Speaking to the Board of Regents on Feb. 4, 2016, Chancellor Blank urged a renewed commitment to keeping UW–Madison among the top public universities at a time when peer institutions are seeing greater investment from their respective states.
One of our missions as an American educational institution is to prepare and encourage everyone who passes through the university to be an active, engaged citizen. Voting is one important aspect of this. It is essential to our democratic form of government and a responsibility that comes with citizenship.
UW–Madison has an obligation to ensure that our students have an awareness of and access to the electoral process, particularly since many students will have their first opportunity to vote during their time on campus. During the passage of Wisconsin’s voter ID law in 2011, we actively worked with legislators to ensure that colleges and universities had the ability to issue voter ID cards to our students.
Despite being passed in 2011, implementation of the voter ID law was put on hold for several years as court challenges were settled. Last March, the U.S. Supreme Court let stand a lower court’s decision to uphold the law, and the first statewide elections in which voters in Wisconsin are required to show an ID will be held February 16 (Wisconsin Supreme Court Justice primary) and April 5 (Spring Election and Presidential Preference Primary) this year.
The year 2015 has certainly been an eventful time at UW-Madison.
We’ve lived through state budget cuts and continue to work on new policies that appropriately respond to changes in state statutes related to tenure. While these developments have been significant and challenging on many levels, and they have generated extensive headlines, they are only a part of the story for this University over the past year.
As we embark on a new year, I’d like to take a moment to note that the many amazing and positive developments on campus this past semester that have received less coverage.
Chancellor Rebecca Blank’s Winter Commencement remarks, delivered 10 a.m. on December 20, 2015 at the Kohl Center.
Good morning, everyone. I want to hear that you’re awake! Good morning!
Excellent. It’s always fun in the Kohl Center to have this whole crowd of people.
Welcome to the winter 2015 commencement of the University of Wisconsin at Madison. Let’s start with a round of applause for all of our graduates. Congratulations!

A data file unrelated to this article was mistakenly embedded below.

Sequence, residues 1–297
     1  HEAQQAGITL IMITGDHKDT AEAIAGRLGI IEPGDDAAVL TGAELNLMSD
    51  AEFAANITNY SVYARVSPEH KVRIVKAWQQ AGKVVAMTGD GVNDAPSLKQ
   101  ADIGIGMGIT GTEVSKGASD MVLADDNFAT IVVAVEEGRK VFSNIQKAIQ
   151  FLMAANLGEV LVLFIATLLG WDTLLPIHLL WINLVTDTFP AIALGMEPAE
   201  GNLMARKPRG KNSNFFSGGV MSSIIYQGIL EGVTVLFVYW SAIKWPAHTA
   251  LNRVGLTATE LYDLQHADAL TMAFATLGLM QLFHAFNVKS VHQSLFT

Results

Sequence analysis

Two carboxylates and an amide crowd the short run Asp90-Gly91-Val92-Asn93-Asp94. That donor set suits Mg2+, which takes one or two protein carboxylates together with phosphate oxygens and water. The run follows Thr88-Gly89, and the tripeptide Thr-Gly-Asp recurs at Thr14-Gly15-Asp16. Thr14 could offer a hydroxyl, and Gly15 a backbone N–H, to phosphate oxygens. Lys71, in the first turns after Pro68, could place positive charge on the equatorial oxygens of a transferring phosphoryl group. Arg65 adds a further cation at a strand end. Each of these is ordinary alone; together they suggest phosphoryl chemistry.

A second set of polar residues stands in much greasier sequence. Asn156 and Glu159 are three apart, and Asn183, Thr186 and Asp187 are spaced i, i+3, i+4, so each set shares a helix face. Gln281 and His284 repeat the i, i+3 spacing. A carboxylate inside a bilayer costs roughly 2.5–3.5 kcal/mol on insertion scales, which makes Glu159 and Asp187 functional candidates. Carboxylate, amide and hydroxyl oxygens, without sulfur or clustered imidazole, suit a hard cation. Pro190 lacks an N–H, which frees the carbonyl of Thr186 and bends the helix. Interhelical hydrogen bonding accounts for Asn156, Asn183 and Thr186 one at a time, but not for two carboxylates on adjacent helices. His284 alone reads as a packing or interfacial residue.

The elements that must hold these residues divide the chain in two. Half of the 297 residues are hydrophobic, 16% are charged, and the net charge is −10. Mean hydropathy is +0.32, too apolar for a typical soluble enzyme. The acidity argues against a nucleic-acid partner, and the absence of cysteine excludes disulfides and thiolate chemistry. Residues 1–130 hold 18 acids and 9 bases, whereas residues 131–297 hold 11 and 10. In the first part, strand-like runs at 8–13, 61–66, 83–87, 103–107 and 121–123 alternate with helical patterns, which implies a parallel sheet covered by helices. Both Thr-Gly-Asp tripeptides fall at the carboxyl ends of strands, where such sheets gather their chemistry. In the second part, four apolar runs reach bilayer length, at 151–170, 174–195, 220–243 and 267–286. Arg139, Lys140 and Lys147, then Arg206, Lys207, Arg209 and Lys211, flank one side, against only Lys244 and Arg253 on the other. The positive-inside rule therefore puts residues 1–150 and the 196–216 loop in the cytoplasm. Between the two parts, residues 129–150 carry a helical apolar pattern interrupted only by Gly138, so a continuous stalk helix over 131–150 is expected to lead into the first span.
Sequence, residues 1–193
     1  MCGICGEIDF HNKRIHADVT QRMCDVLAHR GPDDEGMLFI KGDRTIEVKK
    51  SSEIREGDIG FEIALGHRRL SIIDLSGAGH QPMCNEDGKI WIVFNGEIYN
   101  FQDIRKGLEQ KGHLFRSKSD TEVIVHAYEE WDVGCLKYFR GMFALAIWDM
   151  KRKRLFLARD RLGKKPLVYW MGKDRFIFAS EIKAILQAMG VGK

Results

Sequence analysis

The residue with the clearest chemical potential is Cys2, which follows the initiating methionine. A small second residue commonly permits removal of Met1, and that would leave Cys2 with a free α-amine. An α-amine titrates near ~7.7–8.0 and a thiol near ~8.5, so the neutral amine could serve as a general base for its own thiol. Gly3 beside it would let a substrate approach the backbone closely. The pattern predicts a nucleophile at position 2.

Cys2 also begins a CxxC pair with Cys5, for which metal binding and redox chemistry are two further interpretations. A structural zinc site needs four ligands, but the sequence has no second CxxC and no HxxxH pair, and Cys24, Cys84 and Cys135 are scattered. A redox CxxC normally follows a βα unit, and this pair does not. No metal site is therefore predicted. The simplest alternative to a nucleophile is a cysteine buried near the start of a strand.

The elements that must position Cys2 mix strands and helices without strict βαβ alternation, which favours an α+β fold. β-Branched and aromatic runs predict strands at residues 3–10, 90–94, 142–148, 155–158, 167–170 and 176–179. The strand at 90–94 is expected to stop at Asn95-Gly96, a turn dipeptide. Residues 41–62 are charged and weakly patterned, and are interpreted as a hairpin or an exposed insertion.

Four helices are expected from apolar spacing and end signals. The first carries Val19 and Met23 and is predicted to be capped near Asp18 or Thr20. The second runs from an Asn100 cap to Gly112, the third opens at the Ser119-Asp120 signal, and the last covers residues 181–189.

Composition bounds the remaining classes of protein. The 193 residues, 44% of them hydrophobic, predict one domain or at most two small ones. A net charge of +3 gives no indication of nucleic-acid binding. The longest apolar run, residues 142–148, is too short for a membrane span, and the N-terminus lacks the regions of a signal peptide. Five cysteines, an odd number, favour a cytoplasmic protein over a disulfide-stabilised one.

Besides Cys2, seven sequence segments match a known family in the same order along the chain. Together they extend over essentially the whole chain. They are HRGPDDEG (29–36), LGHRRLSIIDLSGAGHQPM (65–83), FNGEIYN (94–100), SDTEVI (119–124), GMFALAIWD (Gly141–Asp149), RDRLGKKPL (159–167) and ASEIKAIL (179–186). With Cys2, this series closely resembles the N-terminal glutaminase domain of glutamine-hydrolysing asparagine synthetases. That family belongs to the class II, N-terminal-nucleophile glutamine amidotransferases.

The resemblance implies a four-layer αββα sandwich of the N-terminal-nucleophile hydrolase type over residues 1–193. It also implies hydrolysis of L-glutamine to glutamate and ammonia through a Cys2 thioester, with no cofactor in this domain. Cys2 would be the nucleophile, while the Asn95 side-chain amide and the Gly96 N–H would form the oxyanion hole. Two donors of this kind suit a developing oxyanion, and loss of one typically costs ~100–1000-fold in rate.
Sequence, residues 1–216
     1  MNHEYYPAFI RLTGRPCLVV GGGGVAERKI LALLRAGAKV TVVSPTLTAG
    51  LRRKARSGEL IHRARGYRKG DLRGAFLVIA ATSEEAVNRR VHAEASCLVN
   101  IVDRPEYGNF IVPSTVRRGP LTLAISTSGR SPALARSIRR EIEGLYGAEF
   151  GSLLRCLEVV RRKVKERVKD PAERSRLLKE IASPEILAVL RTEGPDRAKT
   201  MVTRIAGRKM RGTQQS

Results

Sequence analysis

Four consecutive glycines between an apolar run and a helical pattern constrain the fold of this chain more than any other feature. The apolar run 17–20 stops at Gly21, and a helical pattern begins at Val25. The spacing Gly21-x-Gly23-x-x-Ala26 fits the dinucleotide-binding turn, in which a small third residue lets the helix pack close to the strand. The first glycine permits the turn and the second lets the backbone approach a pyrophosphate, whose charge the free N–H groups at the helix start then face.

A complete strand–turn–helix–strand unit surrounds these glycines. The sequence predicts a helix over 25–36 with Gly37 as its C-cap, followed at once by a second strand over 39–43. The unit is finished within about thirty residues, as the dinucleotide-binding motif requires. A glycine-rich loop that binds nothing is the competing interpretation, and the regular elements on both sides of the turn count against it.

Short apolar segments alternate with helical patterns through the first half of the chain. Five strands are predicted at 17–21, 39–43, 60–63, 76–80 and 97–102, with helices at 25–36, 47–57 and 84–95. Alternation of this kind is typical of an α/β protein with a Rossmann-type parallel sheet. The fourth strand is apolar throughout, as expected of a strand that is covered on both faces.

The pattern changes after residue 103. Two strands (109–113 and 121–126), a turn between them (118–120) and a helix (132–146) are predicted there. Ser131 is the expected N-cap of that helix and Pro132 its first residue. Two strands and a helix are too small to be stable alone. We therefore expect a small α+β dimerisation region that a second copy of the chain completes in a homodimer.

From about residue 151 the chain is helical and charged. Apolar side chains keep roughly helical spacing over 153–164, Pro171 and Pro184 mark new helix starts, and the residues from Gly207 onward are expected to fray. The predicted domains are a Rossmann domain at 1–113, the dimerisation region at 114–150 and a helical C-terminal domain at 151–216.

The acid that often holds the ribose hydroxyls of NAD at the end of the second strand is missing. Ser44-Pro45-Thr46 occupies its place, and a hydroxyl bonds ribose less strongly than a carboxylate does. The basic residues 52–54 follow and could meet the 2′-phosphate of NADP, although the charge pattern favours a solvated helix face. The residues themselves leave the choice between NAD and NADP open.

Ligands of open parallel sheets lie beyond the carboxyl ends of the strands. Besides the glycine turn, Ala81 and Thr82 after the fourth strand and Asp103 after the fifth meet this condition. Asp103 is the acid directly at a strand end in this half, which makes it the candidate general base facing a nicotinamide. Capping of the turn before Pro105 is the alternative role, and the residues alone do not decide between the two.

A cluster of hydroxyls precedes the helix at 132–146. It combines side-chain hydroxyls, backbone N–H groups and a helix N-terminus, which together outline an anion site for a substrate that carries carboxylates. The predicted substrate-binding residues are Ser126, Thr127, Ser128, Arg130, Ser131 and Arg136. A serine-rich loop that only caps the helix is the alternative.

I also want to extend a very warm welcome to family and friends. They are one of the reasons why all of our graduates got here today, and in appreciation for everything they have done, let’s give them a round of applause as well.
Today we are going to confer more than 2,000 undergraduate degrees and nearly 1,200 graduate and professional degrees. For each of today’s graduates, we celebrate the end of your life as a student at the University of Wisconsin and the beginning of your next adventure.
For the undergraduates here today, that adventure might be very different from the one you imagined for yourself when you arrived here just a few short years ago. As you’ve embraced everything this campus has to offer, you’ve probably been aware of how much you’ve been learning about different topics … but you might not have realized how much you’ve been learning about yourselves.
I hope that your time here has helped you to discover that place where what you’re good at and what you’re passionate about comes together. Because that’s the place where your life’s work awaits you.
I know we are all very busy as the semester draws to a close, but I wanted to put a quick note here to announce the release of the 2015-16 University of Wisconsin–Madison Budget in Brief.
This is the second year that the Office of University Relations, working with our vice chancellor for finance and administration, has assembled this document. Because our budget is so complex, I asked them to put the essential information in a clear, easy-to-navigate document.
To tell the story, the Budget in Brief uses words, graphics and charts to illustrate the university’s revenue sources and how they are distributed, and provide information about funding sources, expenditures, student financial aid, fund balances and the university’s economic impact.
An online version of the Budget in Brief is available. In the coming days, print copies are being distributed to state and local government officials, legislators, deans and unit directors, and alumni. If you don’t receive a copy and would like one, email Greg Bump.
Members of the Campus Community,
In recent days, incidents at Mizzou and other universities have sparked a national conversation about equity and inclusion in higher education.
Here in Madison, last night’s Black Out March brought together hundreds of Badgers of all races and ethnicities. It was a powerful example of our community uniting to support those at Mizzou, fighting to end racism and pressing for improvements in our own institutional efforts. Continue reading
It’s been a very busy last couple of weeks but I’d like to pause for a second to go back and highlight a piece of extremely positive news that not everybody noticed.